2. Wakana Kabasawa (Tokiwa H.S.) - 12:55
3. Fukiko Ando (Ritsumeikan Uji H.S.) - 12:57

Third Stage - 3.0 km
1. Nozomi Musembi Takamatsu (Osaka Kunei Joshi Gakuin H.S.) - 9:33
2. Natsuki Yamamoto (Nishiwaki Kogyo H.S.) - 9:51
2. Asuka Nagao (Sera H.S.) - 9:51

Fourth Stage - 3.0 km
1. Yume Goto (Nishiwaki Kogyo H.S.) - 9:21
2. Mana Arai (Tokiwa H.S.) - 9:22
3. Kanako Hayakawa (Yamanashi Gakuin Prep H.S.) - 9:23

Fifth Stage - 5.0 km
1. Yuka Mukai (Sera H.S.) - 15:26 - fastest-ever by Japanese runner
2. Yuki Kometani (Tokiwa H.S.) - 15:57
3. Monica Margaret (Aomori Yamada H.S.) - 15:58

© 2015 Brett Larner
all rights reserved

Comments

Most-Read This Week

Kawauchi Breaks Nobeyama Ultra Course Record

2018 Boston Marathon winner Yuki Kawauchi (Saitama Pref. Gov’t) won the longest race of his career to date Sunday in Nagano, taking over six minutes off the Yatsugatake Nobeyama Kogen 71 km Ultramarathon in 4:41:55.

A training run for next month’s Stockholm Marathon, Kawauchi set off solo at a steady pace around 3:45/km. Climbing from 1355 m to 1908 m as he approached 20 km he naturally slowed, but with over 1000 m of descent over the next 30 km he was soon back on track. Hitting the marathon split around 2:39, he was so far ahead of the 2nd placer that the announcer initially forget Kawauchi had already gone by and announced the next runner as the leader.

At 58 km Kawauchi was on track to clear 4:30:00, but hitting the uphills in the final 10 km and feeling the effects of the unfamiliar distance he slowed to almost 5:00/km. But with so much leeway to work with there was never any danger of the 4:48:13 course record slipping out of reach. Kawauchi stopped the clock in 4:41:55, please…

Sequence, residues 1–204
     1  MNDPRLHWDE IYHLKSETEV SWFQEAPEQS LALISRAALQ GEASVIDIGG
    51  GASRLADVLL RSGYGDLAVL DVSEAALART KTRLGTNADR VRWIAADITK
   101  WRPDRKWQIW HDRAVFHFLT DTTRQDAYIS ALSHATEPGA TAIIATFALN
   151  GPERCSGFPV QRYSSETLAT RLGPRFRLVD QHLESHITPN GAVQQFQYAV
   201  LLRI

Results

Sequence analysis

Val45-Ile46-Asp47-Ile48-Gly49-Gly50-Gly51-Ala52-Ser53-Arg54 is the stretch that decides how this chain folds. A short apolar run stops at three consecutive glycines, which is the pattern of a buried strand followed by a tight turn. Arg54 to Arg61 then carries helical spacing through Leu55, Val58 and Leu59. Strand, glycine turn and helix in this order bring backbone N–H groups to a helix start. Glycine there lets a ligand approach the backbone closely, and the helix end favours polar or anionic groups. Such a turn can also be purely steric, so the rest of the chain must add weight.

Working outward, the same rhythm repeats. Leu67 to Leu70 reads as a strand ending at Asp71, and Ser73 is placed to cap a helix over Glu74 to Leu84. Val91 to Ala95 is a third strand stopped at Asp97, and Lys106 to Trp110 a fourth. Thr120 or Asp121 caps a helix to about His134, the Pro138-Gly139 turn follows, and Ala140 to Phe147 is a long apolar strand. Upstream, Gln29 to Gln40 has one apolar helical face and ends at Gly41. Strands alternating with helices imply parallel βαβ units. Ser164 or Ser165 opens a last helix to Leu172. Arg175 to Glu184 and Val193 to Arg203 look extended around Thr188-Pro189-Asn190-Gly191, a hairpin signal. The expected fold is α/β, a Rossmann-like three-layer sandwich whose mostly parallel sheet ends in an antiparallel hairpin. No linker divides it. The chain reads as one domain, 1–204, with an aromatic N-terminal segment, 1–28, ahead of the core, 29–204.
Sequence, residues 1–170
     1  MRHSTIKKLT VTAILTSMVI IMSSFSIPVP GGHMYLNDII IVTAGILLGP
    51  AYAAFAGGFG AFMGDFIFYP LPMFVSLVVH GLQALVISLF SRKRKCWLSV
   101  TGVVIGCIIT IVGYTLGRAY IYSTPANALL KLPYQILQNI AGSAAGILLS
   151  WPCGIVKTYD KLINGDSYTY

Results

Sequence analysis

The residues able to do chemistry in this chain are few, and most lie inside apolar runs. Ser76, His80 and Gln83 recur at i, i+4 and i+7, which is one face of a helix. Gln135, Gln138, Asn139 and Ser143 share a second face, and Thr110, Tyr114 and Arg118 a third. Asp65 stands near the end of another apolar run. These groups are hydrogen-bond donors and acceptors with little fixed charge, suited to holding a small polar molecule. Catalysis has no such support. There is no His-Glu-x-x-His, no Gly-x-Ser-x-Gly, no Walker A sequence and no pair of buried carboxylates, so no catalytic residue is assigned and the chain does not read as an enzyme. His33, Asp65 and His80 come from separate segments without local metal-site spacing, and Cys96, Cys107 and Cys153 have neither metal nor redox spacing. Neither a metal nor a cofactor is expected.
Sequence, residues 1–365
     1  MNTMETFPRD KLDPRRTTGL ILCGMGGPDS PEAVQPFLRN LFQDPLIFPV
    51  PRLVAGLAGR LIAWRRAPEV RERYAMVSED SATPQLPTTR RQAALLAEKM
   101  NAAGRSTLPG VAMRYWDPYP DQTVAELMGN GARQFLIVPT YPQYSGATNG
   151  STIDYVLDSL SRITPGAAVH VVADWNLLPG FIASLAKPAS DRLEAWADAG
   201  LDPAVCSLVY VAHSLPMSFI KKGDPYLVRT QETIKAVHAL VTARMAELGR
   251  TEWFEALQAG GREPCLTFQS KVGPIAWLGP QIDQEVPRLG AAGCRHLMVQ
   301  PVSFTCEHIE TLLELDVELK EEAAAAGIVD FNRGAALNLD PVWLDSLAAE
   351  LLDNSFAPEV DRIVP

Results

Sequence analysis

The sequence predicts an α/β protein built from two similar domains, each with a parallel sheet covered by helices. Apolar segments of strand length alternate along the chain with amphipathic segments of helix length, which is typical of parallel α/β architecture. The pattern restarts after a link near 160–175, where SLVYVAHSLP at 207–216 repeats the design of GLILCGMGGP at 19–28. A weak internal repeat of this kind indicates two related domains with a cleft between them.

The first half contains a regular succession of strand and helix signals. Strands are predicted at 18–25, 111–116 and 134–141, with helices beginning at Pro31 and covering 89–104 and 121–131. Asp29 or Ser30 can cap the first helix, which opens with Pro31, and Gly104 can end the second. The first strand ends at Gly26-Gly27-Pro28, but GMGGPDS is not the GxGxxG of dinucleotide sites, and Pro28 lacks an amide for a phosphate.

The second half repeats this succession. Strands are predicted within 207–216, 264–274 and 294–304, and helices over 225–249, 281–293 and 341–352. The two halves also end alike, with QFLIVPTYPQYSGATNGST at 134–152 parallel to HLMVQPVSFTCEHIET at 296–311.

How it Happened

Ancient History I went to Wesleyan University, where the legend of four-time Boston Marathon champ and Wes alum Bill Rodgers hung heavy over the cross-country team. Inspired by Koichi Morishita and Young-Cho Hwang’s duel at the 1992 Barcelona Olympics I ran my first marathon in 1993, qualifying for Boston ’94 where Bill was kind enough to sign a star-struck 20-year-old me’s bib number at the expo.

Three years later I moved to Japan for grad school, and through a long string of coincidences I came across a teenaged kid named Yuki Kawauchi down at my neighborhood track. I never imagined he’d become what he is, but right from the start there was just something different about him. After his 2:08:37 breakthrough at the 2011 Tokyo Marathon he called me up and asked me to help him get into races abroad. He’d finished 3rd on the brutal downhill Sixth Stage at the Hakone Ekiden, and given how he’d run the hills in the last 6 km at Tokyo ’11 I thought he’d do well at Boston or New York. “If M…

The Kawauchi Counter

Yuki Kawauchi's 2018 race results: Jan. 1: Marshfield New Year's Day Marathon, U.S.A.: 2:18:59 - 1st - CR
Jan. 14: Okukuma Road Race Half Marathon, Kumamoto - 1:03:28 - 7th
Jan. 21: Yashio Isshu Ekiden, Saitama: 1:01:03 - 1st - ran entire 20.0 km ekiden solo and beat all 103 teams of 6 runners each
Jan. 28: Okumusashi Ekiden First Stage (9.9 km), Saitama - 29:41 - 6th
Feb. 4: Saitama Ekiden Third Stage (12.1 km), Saitama - 36:54 - 4th
Feb. 11: Izumo Kunibiki Half Marathon, Shimane - cancelled due to heavy snow
Feb. 18: Kitakyushu Marathon, Fukuoka - 2:11:46 - 1st - CR
Feb. 25: Fukaya City Half Marathon, Saitama - 1:04:26 - 1st
Mar. 4: Kanaguri Hai Tamana Half Marathon, Kumamoto - 1:04:49 - 12th
Mar. 11: Yoshinogawa Riverside Half Marathon, Tokushima - 1:05:50 - 1st - CR
Mar. 18: Wan Jin Shi Marathon, Taiwan - 2:14:12 - 1st
Mar. 24: Heisei Kokusai University Time Trials, Saitama
              5000 m Heat 4: 14:53.95 - 1st
              5000 m Heat 6: 14:36.58 - 2nd
           …